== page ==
Don’t engage. But if you do, respond intelligently, not rapidly: If you feel up to responding to a negative comment, don’t stoop to their level. Never insult or sling mud; you’re just adding gas to a fire. Take a breath, do some research and respond maturely with facts and always keep a level head. Try inputting positive remarks and creating a dialogue where you can explore the topic together and find common ground, otherwise we’re no better.

And if all else fails…

Stop and Drop: If the comments and bullying is truly insulting or degrading and becomes harmful: Stop, save the evidence, then remove yourself from the situation, block the person or if it is really out of line, report them.

Bullying is never right or a good idea and it isn’t funny or fair. You should never be made to feel bad about your food allergies or anything else for that matter. The internet is a big place, you’re bound to encounter people or groups who will disagree with you, but you can always find people who will support you, have healthy discussions with, and give you a different perspective.  Social media and mass communication has brought us closer together and allowed us to share across the planet; let’s not let it tear us apart.

-Arianne K.

C is for Confidence: A Food Allergy Story

Something I know now to be the corner stone of my food allergy identity is confidence. Confidence taught, learned, and exercised at a young age is key to becoming an adult who speaks up about their food allergy in every situation. If your confidence is stolen or stifled, it can cause many kids to become ashamed of their food allergies. Then they may attempt to hide their allergy from others or dismiss the seriousness of it which makes the potential for a reaction so much larger. Instead of fighting for your child to have certain foods in a classroom, we should be explaining the severity and importance of awareness. Confidence can be a shield for ignorance and a tool to help change the perception many have about food allergies.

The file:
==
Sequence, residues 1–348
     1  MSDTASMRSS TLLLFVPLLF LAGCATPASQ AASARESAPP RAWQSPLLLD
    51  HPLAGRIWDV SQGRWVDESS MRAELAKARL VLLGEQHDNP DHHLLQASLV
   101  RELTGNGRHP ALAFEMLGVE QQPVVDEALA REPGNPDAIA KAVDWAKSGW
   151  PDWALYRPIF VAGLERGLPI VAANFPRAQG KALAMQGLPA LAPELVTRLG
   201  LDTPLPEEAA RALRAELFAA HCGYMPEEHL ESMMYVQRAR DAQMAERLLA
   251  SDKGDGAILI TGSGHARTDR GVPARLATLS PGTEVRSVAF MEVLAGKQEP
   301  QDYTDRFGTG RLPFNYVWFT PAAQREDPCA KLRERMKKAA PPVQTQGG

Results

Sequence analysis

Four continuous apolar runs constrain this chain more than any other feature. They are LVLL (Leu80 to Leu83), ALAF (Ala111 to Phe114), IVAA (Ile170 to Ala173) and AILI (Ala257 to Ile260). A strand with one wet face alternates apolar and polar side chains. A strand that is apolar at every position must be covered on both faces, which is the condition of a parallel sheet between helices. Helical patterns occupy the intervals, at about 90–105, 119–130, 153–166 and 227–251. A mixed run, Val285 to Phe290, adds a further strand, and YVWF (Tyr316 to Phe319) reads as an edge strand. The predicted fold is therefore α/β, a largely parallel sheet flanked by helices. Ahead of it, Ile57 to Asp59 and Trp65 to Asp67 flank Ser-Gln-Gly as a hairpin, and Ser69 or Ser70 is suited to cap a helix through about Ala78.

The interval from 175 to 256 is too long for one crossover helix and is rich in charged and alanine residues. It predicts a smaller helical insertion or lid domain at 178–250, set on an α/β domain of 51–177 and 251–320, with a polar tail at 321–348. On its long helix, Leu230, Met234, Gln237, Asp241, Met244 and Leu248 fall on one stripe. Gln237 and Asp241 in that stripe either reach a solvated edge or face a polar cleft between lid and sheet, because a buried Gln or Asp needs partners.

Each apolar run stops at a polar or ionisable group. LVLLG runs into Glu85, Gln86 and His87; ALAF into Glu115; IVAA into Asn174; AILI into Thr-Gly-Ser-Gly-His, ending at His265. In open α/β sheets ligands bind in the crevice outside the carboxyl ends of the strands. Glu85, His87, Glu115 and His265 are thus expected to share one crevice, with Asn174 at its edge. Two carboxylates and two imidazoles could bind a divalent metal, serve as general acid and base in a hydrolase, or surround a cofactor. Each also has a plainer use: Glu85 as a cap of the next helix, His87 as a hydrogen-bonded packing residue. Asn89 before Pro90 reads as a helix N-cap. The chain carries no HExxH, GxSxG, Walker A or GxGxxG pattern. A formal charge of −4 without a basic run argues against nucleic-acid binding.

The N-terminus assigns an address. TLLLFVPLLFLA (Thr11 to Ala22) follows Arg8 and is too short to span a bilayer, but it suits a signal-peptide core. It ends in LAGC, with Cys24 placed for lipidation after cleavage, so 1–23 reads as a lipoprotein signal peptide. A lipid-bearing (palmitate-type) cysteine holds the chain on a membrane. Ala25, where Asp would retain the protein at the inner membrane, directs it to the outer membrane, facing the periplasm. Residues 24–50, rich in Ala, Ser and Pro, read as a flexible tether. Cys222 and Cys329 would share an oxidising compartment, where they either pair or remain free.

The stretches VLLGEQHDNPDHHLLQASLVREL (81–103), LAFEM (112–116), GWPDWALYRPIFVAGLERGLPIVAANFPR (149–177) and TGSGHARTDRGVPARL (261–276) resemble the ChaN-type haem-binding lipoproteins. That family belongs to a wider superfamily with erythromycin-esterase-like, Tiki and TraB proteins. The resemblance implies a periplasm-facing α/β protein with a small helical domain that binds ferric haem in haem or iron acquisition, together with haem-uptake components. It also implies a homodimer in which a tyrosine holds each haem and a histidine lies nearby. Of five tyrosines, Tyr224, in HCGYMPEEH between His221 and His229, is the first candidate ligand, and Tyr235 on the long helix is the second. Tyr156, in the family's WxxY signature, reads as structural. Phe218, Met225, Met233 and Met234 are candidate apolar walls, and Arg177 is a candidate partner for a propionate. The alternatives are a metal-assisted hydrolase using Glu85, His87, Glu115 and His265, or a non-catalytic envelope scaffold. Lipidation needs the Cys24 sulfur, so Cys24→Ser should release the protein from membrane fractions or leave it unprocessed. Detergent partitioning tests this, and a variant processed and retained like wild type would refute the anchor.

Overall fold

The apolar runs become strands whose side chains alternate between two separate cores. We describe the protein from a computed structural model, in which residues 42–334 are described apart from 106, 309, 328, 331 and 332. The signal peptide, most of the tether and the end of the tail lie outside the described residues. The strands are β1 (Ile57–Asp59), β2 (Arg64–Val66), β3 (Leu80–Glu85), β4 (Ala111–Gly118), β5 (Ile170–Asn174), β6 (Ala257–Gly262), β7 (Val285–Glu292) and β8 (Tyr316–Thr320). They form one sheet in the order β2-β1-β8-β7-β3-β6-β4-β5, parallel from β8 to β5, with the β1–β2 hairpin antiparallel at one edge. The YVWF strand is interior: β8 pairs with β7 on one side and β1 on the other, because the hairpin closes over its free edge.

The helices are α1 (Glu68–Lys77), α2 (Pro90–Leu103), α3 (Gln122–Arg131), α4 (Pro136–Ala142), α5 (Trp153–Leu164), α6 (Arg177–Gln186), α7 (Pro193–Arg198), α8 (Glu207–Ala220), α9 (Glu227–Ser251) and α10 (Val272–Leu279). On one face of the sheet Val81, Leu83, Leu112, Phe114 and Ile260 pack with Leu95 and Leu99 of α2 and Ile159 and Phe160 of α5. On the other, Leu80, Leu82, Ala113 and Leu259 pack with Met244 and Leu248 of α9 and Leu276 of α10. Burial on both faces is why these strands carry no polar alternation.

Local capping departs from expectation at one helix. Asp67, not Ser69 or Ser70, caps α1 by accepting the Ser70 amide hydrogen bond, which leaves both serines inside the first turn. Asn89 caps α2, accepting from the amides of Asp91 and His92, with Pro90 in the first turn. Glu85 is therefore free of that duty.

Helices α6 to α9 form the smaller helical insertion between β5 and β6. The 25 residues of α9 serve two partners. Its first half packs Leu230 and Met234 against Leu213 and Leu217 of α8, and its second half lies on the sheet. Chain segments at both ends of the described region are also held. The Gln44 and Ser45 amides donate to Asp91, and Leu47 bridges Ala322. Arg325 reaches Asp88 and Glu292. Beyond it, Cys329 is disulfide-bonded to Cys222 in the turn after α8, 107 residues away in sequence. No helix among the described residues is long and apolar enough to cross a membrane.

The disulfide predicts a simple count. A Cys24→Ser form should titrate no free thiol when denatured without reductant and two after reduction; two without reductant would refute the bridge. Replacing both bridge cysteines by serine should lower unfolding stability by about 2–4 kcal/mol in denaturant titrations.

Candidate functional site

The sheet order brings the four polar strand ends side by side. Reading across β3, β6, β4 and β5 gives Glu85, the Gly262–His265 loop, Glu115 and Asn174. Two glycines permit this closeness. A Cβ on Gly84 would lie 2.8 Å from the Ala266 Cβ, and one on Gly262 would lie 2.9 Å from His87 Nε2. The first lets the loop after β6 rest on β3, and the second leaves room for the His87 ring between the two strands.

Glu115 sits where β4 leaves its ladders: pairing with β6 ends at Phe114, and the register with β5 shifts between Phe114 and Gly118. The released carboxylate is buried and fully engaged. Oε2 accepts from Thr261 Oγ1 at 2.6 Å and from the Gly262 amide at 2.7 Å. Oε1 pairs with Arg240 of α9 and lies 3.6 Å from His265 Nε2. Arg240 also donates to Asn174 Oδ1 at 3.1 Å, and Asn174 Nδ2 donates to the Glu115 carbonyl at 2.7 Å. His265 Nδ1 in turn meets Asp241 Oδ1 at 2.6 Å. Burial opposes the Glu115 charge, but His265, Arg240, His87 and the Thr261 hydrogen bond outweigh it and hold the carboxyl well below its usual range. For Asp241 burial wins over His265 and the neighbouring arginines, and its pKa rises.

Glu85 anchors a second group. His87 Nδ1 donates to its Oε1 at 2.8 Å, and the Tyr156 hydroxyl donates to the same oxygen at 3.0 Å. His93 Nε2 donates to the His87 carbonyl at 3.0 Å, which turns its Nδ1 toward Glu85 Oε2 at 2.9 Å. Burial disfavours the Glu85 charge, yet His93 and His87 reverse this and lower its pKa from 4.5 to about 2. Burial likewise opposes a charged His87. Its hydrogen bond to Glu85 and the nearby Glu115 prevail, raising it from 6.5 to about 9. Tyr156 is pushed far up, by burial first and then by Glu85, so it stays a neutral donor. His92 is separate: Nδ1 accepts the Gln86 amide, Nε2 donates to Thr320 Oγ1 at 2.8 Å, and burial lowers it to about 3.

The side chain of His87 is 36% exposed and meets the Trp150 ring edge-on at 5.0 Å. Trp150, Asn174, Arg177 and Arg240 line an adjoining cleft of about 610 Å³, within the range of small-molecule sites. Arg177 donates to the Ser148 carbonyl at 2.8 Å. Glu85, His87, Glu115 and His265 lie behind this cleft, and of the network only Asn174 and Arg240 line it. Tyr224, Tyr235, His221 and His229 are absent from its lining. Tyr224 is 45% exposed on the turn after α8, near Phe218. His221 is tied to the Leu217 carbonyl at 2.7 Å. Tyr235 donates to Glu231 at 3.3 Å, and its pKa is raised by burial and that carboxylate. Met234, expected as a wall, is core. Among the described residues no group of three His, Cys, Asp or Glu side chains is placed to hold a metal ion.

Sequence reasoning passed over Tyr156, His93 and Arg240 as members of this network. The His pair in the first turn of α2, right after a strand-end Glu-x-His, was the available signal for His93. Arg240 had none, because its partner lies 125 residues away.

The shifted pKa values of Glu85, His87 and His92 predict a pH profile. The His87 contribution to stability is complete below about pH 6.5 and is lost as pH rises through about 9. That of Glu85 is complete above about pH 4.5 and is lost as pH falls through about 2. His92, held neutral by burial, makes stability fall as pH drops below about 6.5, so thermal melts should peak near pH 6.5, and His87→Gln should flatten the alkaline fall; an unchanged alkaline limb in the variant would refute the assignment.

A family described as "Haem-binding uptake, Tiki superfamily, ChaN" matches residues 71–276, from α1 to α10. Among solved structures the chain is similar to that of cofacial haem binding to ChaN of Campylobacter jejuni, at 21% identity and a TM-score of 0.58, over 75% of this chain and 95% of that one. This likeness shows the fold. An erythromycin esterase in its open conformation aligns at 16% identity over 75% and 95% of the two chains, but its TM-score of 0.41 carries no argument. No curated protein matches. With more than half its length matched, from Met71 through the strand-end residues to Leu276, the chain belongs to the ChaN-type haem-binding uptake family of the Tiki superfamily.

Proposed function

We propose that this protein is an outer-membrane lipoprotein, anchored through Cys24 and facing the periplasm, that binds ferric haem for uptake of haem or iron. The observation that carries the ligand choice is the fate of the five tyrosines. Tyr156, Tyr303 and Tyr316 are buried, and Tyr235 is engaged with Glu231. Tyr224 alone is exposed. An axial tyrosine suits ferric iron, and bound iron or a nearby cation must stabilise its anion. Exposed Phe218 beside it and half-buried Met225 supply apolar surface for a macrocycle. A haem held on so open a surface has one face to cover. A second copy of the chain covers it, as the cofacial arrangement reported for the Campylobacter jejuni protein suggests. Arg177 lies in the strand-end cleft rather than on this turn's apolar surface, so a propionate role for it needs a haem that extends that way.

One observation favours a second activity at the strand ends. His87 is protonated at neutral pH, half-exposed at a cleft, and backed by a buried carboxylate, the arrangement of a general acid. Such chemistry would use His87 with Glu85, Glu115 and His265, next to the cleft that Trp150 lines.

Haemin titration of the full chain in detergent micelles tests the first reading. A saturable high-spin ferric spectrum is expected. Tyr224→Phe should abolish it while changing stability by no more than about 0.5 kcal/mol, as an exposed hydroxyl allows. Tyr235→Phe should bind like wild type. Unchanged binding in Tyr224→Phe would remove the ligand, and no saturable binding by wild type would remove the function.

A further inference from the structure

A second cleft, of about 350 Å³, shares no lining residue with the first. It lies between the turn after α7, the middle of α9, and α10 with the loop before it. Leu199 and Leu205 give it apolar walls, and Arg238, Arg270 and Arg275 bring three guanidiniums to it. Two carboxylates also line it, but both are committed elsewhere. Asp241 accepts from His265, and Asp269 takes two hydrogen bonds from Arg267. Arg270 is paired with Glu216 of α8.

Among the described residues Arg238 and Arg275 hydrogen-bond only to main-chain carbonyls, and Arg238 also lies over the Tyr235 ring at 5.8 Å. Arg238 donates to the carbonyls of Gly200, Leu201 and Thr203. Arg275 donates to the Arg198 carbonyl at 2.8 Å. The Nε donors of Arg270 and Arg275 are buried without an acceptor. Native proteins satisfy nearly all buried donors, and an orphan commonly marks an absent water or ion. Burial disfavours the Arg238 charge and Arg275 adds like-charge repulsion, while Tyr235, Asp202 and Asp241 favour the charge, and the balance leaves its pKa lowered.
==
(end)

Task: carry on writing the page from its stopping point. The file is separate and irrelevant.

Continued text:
Confidence is the most important skill you can craft when it comes to having a food allergy and it’s something that I think needs to be instilled at a young age. We as a food allergy community need to be building each other up, and helping to educate those around us so no one feels bad or ashamed on a daily basis. If we understand at a young age that we are all unique and beautiful, then the classroom and world will be a far more accepting place.

There is a saying: It takes a village to raise a child. As a community, we should be working together to help those with food allergies gain a voice that is proud of their food allergy. Confidence in myself and my fellow classmates would have made a world of difference between eating alone and helping everyone understand food allergies at my school. It seems like a small skill, but those little seeds tended to over years in school and into adulthood will create an aware, powerful counterpart in the food allergy community. A community that is dedicated to educating others, but more importantly, confident and proud in themselves.

– Arianne K.